High Court Judge Orders Singapore Influencer Rachel Wong To Surrender Correspondence In Defamation Case
There’s been a development in the ongoing saga between Singapore influencer Rachel Wong and Olivia Wu, the woman who accused her of infidelity. Time to grab the popcorn.
If you need a quick catch-up on what’s been going on, you can read about it here.
In a nutshell, Wu alleged that Wong had cheated on her ex-husband, national footballer Anders Aplin, with two men. Wong sued Wu for defamation, saying that these accusations damaged her reputation as a full-time social media influencer.
To prepare for the trial, Wu is seeking Wong’s diary entries and correspondence with the two men she supposedly had affairs with. Wong appealed to get the courts to block Wu’s access to these materials, but she failed. Twice.
Recently, the High Court upheld a lower court’s decision to grant Wu access to the documents. However, what seems to be getting the Internet’s attention is the judge’s written verdict, which contains some pretty savage quotes.
Guess influencer drama just isn’t his thing.
Judge dismisses Rachel Wong’s appeal to block Olivia Wu’s access to correspondence
Back in February, a district court registrar approved Wu’s application to gain access to the following materials:
- Correspondence between Wong and Mr Han from Jun 2016 to Jun 2020
- Correspondence between Wong and Mr Wan from Jun 2018 to Jun 2020
- Wong’s diary entries allegedly implicating Mr Wan from Jun 2018 to Jun 2020
Mr Han was Wong’s gym trainer, while Mr Wan was the emcee at her and Aplin’s wedding. Wu accused Wong of cheating on Aplin with these two men.
Wong’s lawyer opposed the decision, calling it a “fishing expedition” that would violate his client’s privacy, TODAY reported.
However, according to The Straits Times (ST), Wong failed in her appeal in April. She decided to try appealing again, this time to the High Court.
It did not work.
On Tuesday (28 Jun), High Court judge Choo Han Teck dismissed Wong’s appeal. He agreed that Wu had managed to demonstrate that the items she was looking for were relevant for the trial.
High Court Justice delivers savage statements in judgement
Beyond the case itself, what really seems to be stealing the spotlight amidst the saga’s latest update is Justice Choo’s absolutely savage written judgement, which you can read in full on the eLitigation website.
The verdict contains a number of quotable quotes that suggest how done he is with all this drama.
Right off the bat, Justice Choo takes an indirect but completely scathing jab at Wong, the plaintiff in this case.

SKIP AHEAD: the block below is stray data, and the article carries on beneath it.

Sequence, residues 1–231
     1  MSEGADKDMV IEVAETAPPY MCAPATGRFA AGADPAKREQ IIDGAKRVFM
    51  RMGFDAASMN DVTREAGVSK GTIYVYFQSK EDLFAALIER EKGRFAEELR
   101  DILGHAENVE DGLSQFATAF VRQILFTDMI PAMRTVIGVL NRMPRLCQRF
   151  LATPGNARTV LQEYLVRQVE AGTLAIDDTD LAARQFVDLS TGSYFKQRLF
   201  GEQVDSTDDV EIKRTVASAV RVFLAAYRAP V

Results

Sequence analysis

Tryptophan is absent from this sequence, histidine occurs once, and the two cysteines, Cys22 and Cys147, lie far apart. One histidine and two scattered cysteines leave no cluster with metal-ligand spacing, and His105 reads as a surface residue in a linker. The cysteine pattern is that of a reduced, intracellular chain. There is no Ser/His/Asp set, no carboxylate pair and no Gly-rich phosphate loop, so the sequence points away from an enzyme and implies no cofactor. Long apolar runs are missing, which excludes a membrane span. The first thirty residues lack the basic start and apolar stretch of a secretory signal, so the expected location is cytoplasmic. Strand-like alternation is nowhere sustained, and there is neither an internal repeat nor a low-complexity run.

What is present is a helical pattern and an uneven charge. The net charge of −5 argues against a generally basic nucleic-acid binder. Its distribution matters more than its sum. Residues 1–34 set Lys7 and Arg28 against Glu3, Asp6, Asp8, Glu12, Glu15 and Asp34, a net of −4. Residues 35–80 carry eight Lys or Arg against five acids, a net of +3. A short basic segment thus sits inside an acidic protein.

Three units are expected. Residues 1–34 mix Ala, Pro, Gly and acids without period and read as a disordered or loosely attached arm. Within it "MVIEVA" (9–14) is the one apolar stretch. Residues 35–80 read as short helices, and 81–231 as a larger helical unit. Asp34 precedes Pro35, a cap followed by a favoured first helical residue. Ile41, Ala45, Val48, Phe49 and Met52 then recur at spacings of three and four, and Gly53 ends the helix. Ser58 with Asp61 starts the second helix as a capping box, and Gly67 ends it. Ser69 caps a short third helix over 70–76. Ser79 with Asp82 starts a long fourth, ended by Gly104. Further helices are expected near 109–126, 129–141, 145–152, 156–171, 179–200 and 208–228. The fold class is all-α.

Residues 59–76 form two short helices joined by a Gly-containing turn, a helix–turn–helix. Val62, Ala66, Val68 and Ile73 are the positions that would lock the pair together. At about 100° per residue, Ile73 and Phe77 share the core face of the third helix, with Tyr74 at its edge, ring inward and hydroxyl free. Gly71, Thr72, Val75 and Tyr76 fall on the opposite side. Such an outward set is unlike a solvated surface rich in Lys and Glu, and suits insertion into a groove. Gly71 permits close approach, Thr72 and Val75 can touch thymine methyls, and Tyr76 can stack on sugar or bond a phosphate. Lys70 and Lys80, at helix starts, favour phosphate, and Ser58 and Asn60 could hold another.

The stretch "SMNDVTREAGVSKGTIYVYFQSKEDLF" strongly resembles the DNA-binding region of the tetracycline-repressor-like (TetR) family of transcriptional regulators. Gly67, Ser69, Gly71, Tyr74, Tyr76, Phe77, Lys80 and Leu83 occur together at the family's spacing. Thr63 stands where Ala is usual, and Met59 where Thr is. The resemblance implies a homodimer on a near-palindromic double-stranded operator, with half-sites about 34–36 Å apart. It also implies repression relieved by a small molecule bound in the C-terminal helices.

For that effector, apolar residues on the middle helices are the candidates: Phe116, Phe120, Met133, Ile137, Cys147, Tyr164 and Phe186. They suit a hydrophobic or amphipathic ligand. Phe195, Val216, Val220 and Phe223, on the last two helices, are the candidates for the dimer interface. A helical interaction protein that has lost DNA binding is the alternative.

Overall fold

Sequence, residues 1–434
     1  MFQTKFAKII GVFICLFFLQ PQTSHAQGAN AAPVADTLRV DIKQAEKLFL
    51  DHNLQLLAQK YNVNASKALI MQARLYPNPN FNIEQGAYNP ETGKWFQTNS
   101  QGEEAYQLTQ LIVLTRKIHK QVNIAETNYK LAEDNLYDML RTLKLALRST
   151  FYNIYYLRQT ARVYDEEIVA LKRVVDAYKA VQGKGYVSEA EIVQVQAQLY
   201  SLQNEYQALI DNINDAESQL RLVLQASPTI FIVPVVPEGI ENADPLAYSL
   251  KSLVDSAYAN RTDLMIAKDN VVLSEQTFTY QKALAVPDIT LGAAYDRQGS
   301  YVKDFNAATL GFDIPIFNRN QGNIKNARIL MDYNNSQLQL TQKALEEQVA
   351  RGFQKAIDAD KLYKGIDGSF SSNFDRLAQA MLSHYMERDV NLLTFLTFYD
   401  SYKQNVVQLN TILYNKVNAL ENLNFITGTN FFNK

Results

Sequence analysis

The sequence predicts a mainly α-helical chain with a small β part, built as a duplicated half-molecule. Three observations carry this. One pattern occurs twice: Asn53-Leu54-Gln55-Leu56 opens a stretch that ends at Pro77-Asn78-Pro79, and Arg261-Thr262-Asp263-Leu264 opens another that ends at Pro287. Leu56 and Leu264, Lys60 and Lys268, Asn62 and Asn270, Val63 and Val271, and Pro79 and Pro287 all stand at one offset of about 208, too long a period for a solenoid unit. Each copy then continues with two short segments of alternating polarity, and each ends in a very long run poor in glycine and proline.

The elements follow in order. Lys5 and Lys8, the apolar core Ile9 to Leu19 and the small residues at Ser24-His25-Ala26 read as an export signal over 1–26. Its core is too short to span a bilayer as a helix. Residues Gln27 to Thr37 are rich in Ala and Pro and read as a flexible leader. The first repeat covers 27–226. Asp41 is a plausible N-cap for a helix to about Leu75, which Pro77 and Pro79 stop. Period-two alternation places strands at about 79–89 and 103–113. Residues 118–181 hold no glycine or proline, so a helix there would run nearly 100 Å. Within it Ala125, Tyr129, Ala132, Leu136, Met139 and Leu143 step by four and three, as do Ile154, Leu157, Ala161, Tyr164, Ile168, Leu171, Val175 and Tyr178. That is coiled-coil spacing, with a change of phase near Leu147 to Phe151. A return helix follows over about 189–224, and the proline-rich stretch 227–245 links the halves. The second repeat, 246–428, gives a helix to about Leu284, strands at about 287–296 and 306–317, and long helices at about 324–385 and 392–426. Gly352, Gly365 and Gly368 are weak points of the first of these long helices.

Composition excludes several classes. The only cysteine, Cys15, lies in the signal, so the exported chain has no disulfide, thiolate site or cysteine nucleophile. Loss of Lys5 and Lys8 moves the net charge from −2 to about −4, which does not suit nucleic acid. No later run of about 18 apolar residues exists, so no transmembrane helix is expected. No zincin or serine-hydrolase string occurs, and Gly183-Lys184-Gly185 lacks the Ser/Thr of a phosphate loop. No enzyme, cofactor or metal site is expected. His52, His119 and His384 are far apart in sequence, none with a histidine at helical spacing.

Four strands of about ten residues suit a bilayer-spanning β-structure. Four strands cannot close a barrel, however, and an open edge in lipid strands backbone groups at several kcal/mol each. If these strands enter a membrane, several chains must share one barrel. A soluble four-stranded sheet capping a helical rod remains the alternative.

The plaintiff describes herself as “a full-time social media influencer, actress, model and host”. She maintains an Instagram account that she claims has 41,400 followers. That, I suppose, entitles her, in her estimation, to be a celebrity.
He added that Wong “was offended by a post made by the defendant on Instagram”, referring to Wu.
Judge roasts Wong’s counsel
Even Wong’s legal team was not spared from the judge’s brutal comments. Stating that the narrative they presented “is not clear”, he wrote,
By a combination of Instagram-speak and the utter failure of counsel to translate that into English, the Statement of Claim is filled with chaff.
‘Chaff‘ is basically a fancy way of saying ‘rubbish’.
For example, he shared that Wong’s counsel had reproduced what Wu wrote in the Statement of Claim with bolded and underlined text. Justice Choo clarified,
It is hard to tell whether the emphasis represented counsel’s excitement or outrage, but such emphasis is not necessary in pleadings.
He even corrected Wong’s counsel’s English, pointing out that they must’ve wanted to write “marrying Anders” instead of “marrying her ex-husband, Anders”.
Justice Choo then explained his reason for dismissing Wong’s appeal, making a reference to her attorney’s earlier “fishing expedition” argument,
In this case, samples of relevant material had been produced, and, just to extend the fishing analogy just a bit more, it is not a mere fishing expedition if fish has in fact been spotted.
Do you smell that? That’s the sizzling burn from Justice Choo’s very well-done roasts.
The Internet is loving the judge’s savagery
Redditors are also loving Justice Choo’s biting remarks.
Several users pointed out how easy it is to sense the judge’s frustration at having to deal with such a case.
Someone also posted the full judgement, saying that it’s worth reading “for the numerous sarcastic [one-liners]” from Justice Choo.
Xiaxue is apparently a fan too. She posted some of her favourite parts from the judgement in her Instagram stories and called Justice Choo her “new favourite person”.
Well, you have to admit that he did a wonderful job at delivering such brutal commentary in the most elegant way possible.
According to TODAY, Wong later released a statement through her lawyer expressing how “disappointed” she was with the outcome.
She also plans to go ahead with the lawsuit to “stand up for people who have been the subject of online abuse, harassment and defamation”.
Trial dates for the case have yet to be set.
The drama continues
With Wong determined to soldier on with the lawsuit, it looks like this won’t be the last we hear of the saga.
At least Justice Choo’s verdict managed to provide us with some entertainment.
Hopefully, the trial will shed light on the truth once and for all, and everyone involved can properly move on with their lives.
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